Co-founder of American-based BD Hotels, Richard Born, opened his first pod hotel back in 2007.
“These aren’t small rooms that are cheap,” Born argues. “The materials we use are very high-end and we’ve designed the rooms in a meaningfully important way. You’re sacrificing space, not quality. There’s a niche in the marketplace of people who want high quality and design but also want a boutique feel.”
In purely economic terms pod-hotels make sense in that a 180 sq-ft room of a typical pod-hotel compares with a 325 sq-ft room in a standard three star hotel.
This allows developers to build a third more rooms without having to charge nightly rates that are a third lower.
Advocates of pod-hotels also claims that guests now want to spend more time in lobbies, regardless of their age. They are places for “entertainment, communal tables, virtual concierge walls, giant televisions, local artists, exhibits and tastings.”
Hence they believe guests are spending less time in their hotel rooms compared with 40 years ago.
Hotel bedrooms are functional places to sleep and bathe.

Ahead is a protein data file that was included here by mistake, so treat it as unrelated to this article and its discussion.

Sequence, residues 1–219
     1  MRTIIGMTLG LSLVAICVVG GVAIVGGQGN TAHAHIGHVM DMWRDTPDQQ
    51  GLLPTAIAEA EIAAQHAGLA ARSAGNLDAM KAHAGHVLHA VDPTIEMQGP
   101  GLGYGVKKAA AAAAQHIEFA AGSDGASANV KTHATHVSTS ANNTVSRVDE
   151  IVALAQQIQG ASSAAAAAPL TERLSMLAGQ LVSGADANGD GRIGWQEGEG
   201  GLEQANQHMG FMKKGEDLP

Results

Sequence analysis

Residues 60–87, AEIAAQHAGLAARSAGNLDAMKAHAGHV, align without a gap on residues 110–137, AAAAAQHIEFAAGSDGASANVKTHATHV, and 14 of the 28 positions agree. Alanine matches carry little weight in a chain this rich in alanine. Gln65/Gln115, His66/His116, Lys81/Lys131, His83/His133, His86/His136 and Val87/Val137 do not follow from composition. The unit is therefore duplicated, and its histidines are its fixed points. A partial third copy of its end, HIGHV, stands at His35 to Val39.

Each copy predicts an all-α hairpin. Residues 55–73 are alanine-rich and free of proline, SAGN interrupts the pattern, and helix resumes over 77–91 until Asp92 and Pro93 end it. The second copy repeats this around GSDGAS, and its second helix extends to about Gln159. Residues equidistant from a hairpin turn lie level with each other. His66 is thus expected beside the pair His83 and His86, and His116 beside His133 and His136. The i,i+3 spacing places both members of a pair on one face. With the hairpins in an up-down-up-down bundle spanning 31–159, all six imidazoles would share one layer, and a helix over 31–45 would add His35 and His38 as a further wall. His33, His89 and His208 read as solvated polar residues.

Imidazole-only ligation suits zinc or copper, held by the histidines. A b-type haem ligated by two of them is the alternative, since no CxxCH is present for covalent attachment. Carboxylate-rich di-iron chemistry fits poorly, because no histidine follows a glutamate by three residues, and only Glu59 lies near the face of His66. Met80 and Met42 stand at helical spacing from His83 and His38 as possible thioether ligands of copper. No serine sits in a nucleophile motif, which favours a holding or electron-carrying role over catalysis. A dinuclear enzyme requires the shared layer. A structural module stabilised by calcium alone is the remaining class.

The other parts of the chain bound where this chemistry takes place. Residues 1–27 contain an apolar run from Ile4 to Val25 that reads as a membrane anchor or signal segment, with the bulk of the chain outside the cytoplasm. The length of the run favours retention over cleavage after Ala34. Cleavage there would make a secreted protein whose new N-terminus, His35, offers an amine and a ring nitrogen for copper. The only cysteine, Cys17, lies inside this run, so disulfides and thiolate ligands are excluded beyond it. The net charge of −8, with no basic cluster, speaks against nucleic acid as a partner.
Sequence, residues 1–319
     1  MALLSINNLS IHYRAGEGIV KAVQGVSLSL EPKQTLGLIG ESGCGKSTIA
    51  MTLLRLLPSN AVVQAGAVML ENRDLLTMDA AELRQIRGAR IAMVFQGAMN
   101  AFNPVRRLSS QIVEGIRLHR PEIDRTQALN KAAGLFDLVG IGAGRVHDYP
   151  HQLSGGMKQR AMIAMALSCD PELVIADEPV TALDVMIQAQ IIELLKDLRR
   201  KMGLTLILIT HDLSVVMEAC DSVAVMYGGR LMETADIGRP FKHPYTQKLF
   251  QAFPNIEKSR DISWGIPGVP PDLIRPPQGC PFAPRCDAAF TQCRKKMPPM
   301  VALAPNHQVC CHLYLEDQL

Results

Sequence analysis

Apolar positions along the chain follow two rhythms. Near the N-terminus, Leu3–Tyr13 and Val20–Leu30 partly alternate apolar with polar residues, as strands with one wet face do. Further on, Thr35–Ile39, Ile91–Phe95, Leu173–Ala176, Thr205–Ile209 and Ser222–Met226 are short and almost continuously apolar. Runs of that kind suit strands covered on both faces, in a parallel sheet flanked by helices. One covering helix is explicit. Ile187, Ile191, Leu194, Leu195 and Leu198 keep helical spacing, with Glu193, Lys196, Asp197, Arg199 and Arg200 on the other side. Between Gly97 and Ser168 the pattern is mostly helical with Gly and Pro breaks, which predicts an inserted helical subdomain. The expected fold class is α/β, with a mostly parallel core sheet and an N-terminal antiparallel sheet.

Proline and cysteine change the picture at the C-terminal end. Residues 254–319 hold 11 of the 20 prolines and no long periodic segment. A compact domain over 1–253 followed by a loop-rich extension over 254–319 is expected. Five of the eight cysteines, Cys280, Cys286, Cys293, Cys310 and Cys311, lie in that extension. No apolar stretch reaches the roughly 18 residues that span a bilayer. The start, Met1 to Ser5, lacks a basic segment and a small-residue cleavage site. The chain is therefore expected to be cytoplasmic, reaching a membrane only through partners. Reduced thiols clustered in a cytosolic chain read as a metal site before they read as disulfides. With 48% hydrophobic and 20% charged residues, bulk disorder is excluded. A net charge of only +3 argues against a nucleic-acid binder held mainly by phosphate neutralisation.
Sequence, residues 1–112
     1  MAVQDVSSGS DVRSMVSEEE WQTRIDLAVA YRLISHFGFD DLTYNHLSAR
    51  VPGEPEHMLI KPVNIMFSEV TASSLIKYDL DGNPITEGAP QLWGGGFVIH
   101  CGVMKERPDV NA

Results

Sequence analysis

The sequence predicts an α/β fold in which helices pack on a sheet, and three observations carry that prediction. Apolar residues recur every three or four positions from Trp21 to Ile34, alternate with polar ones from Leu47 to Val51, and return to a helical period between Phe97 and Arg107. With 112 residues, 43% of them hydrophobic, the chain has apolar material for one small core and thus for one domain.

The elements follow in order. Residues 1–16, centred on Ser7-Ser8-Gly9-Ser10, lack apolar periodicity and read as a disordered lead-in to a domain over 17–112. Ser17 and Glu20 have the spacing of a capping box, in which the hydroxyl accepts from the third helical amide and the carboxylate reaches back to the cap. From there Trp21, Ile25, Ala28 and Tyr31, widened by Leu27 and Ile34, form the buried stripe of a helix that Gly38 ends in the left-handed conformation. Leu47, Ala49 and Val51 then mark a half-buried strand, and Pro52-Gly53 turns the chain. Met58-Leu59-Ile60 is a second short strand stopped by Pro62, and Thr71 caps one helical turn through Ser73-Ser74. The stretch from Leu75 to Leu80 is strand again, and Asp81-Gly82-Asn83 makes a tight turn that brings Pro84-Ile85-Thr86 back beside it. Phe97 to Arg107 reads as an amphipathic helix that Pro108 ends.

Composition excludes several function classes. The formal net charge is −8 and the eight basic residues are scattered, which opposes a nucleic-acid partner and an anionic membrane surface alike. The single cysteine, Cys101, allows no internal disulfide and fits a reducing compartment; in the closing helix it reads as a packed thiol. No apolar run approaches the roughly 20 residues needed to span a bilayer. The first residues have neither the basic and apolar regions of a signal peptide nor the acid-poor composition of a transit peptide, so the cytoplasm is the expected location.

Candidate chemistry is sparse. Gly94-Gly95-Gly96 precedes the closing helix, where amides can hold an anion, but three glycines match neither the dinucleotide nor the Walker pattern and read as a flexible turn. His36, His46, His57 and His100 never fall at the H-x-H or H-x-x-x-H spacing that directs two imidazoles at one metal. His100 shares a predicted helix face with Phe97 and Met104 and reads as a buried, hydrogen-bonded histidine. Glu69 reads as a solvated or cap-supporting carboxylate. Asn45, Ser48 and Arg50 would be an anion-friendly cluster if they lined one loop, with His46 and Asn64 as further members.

Many pod-hotel rooms don’t have desks as people are working on their laps. Therefore the bedrooms require less square footage.
Makarand Mody, assistant professor of hospitality marketing at Boston University’s School of Hospitality Administration sums up the case for the pod-hotel:
“The room and a comfy bed are simply a place to come back to after a day of experiences, which is why many of these micro-room hotels offer interesting public spaces with innovative dining and social options. So why not make the rooms smaller, but more efficient, and instead provide more to do within the hotel but outside of the room?”
See Skift article: https://skift.com/2017/07/05/pod-hotels-owner-thinking-small-to-grow-big/